Painful Lessons Dan Ariely MIT, E56-311 38 Memorial Dr

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- 1 - Painful Lessons Dan Ariely MIT, E56-311 38 Memorial Dr. Cambridge MA 02142 Tel (617) 258 9102 Fax (617) 258-7597 Email: [email protected] Abstract: A larger and extremely central portion of individuals’ experiences involve those that result from injury, illness, hospitalization, and pain. The current story describes some of the aspects involved in injuries and hospitalization based on my personal experience as a burn patient. Each of the descriptive parts is accompanied by a section that interprets the experiences, places them in a broader context, and proposes directions for future investigations.

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Transcript of Painful Lessons Dan Ariely MIT, E56-311 38 Memorial Dr

Painful Lessons
Dan Ariely MIT, E56-311 38 Memorial Dr. Cambridge MA 02142 Tel (617) 258 9102 Fax (617) 258-7597 Email: [email protected]
Abstract: A larger and extremely central portion of individuals’ experiences involve those that
result from injury, illness, hospitalization, and pain. The current story describes some of the
aspects involved in injuries and hospitalization based on my personal experience as a burn
patient. Each of the descriptive parts is accompanied by a section that interprets the experiences,
places them in a broader context, and proposes directions for future investigations.
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Painful Lessons
It was a large, full-size mirror. I got closer and closer and finally turned and looked at
myself. Legs bent and thickly covered in bandages; back completely bent forward; arms
collapsed sideways and bandaged. My whole body was twisted and looked foreign and detached
from what I felt was me. Still, the worst was my face. The whole right side was open flesh,
yellow and red with all kind of pieces of flash and skin hanging from it. It looked as if it was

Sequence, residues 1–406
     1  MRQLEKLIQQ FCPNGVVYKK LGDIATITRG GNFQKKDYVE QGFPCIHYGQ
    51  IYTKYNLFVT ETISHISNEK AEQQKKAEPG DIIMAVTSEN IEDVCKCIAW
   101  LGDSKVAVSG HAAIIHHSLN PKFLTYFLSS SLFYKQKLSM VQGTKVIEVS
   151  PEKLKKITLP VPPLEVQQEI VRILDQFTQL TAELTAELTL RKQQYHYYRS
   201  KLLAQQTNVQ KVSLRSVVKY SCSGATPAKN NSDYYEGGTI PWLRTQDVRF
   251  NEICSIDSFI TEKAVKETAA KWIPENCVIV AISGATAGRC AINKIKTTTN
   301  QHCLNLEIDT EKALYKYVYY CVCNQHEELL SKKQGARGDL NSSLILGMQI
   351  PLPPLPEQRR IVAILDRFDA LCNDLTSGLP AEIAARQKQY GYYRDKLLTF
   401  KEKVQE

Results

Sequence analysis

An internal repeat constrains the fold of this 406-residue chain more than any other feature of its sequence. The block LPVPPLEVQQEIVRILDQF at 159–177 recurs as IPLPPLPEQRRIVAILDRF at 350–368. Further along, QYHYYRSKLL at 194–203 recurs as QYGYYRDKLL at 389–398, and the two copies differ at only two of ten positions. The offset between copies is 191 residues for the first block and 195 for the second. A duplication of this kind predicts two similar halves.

made out of colorful wax and it was in the process of melting. Eyes were pulled severely to the
side. The right side of my mouth, ear, and my nose were charred and distorted.
It was hard to grasp the details. I just stood there and tried to take in the whole new me.
Was the old me still there in the image that looked at me from the mirror? The only thing I could
recognize was my left eye gazing at me from the mirror – placed in this different and foreign
body that didn't look anything like me. During the treatments I saw parts of my body so I knew
how some of the scars looked like. I was also told that the right side of my face was badly
burned but, somehow, until this moment the connection was not real. I wanted to stay and stare
at myself and yet I wanted to turn away and not look any more. Soon enough the pain in my legs
made the decision for me and I went back to my room. Was this really me? It was, yet it was
hard to see, believe. Or accept that this was the new me.
The following story describes in some detail my experiences as a burn patient. On what
would have otherwise have been a normal Friday afternoon, my life changed irreversibly in a
matter of a few seconds. In an instant, my future hopes and dreams slipped away, to be replaced
by a long struggle toward recovery. On that day, an explosion left me with 70 percent of my
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body covered with third degree burns. These mere few seconds that forever changed my life
marked the starting point of a long and painful period of hospitalization. For the three years that
were to follow, I faced not only, hospitalization and pain but emotional turbulence as well.
Burns and their treatments cause extreme pain over a long period of time – creating pain
that is more intense and longer lasting than almost any other medical condition. In what follows,
I will describe some of these experiences in order to shed some light on patients’ experiences of
extremely painful episodes. After describing each aspect of my experience, I will attempt to
provide a short analysis of the experience, focusing on related research questions, and on
implications for policies regarding the treatments of patients. The style used for the exposition
relies on indented italic text to describe a set of experiences (taken mostly from my diary), and
regular text in interpreting and discussing these experiences.
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The Injury
The explosion came from out of nowhere. Flames surround me. I couldn’t see through
the glowing white light of burning magnesium. Instinctively, I back away from the
flames. Smoke permeating the room and although I can hardly see, I noticed that my T-
shirt has caught fire. As if in a dream, I used my hands to put it out. Time slows down. I
am thinking what to do next. Someone calling from the other side of the room is trying to
guide me toward an exit. Realizing I am trapped, the flames bursting between the door